Behavioral Study of Defocus Cue Preserving Image Compression Algorithm for Depth Perception
12 Dec 2016-pp 264-275
TL;DR: This paper presents a behavioral study to state that the images compressed using defocus cue preserving compression yields better depth perception as compared to standard JPEG compression.
Abstract: Image and video processing is currently active research field during the past few years. Different coding schemes are available in the literature for image and video compression to improve compression ratio while maintaining picture quality. Many of the algorithms use ROI coding such as saliency based concept using different image features. But very few works related to depth cues preserving compression. In this paper, we present a behavioral study to state that the images compressed using defocus cue preserving compression yields better depth perception as compared to standard JPEG compression. We compare images compressed using different schemes against the original image. We collect data from different participants by showing original and compressed images to them. The responses are analyzed using analysis of variance. The analysis shows that the images compressed using defocus cue based compression provides the better perception of the raw image as compared to standard JPEG compressed image.
TL;DR: The Baseline method has been by far the most widely implemented JPEG method to date, and is sufficient in its own right for a large number of applications.
Abstract: For the past few years, a joint ISO/CCITT committee known as JPEG (Joint Photographic Experts Group) has been working to establish the first international compression standard for continuous-tone still images, both grayscale and color. JPEG’s proposed standard aims to be generic, to support a wide variety of applications for continuous-tone images. To meet the differing needs of many applications, the JPEG standard includes two basic compression methods, each with various modes of operation. A DCT-based method is specified for “lossy’’ compression, and a predictive method for “lossless’’ compression. JPEG features a simple lossy technique known as the Baseline method, a subset of the other DCT-based modes of operation. The Baseline method has been by far the most widely implemented JPEG method to date, and is sufficient in its own right for a large number of applications. This article provides an overview of the JPEG standard, and focuses in detail on the Baseline method.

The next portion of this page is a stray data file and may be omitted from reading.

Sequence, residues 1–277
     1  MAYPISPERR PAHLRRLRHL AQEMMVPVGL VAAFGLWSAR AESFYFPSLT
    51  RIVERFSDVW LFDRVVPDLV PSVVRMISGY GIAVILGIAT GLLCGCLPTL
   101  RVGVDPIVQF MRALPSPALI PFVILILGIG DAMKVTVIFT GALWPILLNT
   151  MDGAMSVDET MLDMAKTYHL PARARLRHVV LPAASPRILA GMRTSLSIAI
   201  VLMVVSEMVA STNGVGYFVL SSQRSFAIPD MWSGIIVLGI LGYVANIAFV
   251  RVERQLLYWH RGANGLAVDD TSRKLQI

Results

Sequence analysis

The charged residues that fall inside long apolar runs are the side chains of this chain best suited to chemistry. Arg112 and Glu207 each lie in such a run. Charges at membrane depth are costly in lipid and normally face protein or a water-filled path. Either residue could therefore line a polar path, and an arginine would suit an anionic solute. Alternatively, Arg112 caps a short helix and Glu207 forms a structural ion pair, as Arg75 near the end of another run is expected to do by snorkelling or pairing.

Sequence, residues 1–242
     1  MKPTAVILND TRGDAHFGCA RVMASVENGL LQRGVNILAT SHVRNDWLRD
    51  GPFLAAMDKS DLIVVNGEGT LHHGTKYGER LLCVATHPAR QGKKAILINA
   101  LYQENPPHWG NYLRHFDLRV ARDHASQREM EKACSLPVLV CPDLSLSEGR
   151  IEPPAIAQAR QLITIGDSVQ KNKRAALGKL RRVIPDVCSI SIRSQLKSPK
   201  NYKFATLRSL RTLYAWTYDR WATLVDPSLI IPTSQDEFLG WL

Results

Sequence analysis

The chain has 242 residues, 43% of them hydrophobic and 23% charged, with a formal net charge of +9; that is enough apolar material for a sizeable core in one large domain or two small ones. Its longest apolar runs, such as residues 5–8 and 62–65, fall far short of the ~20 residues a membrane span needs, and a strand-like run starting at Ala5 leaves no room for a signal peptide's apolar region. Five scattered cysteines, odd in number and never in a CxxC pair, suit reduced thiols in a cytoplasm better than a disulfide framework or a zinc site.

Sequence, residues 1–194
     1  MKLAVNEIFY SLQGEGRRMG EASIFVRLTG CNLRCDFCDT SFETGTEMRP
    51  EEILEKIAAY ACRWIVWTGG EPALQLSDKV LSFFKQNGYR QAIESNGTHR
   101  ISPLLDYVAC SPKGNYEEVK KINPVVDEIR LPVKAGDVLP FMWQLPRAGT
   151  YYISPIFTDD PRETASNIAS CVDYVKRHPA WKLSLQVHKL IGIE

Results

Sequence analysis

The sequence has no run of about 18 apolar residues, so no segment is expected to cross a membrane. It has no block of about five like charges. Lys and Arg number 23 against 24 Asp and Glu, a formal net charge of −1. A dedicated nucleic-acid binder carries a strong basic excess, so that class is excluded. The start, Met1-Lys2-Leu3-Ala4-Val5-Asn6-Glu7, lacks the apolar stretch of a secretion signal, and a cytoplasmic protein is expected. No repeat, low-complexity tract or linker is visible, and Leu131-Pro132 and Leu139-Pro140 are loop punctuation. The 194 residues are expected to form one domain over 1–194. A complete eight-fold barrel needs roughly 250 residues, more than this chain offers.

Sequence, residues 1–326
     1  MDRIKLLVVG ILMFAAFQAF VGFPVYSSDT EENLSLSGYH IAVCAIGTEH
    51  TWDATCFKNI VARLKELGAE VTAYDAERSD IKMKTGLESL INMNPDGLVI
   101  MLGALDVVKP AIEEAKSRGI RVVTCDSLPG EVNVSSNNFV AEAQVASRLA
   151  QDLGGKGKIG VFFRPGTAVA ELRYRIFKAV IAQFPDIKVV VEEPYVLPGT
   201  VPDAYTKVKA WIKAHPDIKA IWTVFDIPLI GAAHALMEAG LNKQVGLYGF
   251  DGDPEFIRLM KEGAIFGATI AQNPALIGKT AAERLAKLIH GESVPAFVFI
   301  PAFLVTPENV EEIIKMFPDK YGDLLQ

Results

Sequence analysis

••17 Jun 2007
TL;DR: A simple method for the visual saliency detection is presented, independent of features, categories, or other forms of prior knowledge of the objects, and a fast method to construct the corresponding saliency map in spatial domain is proposed.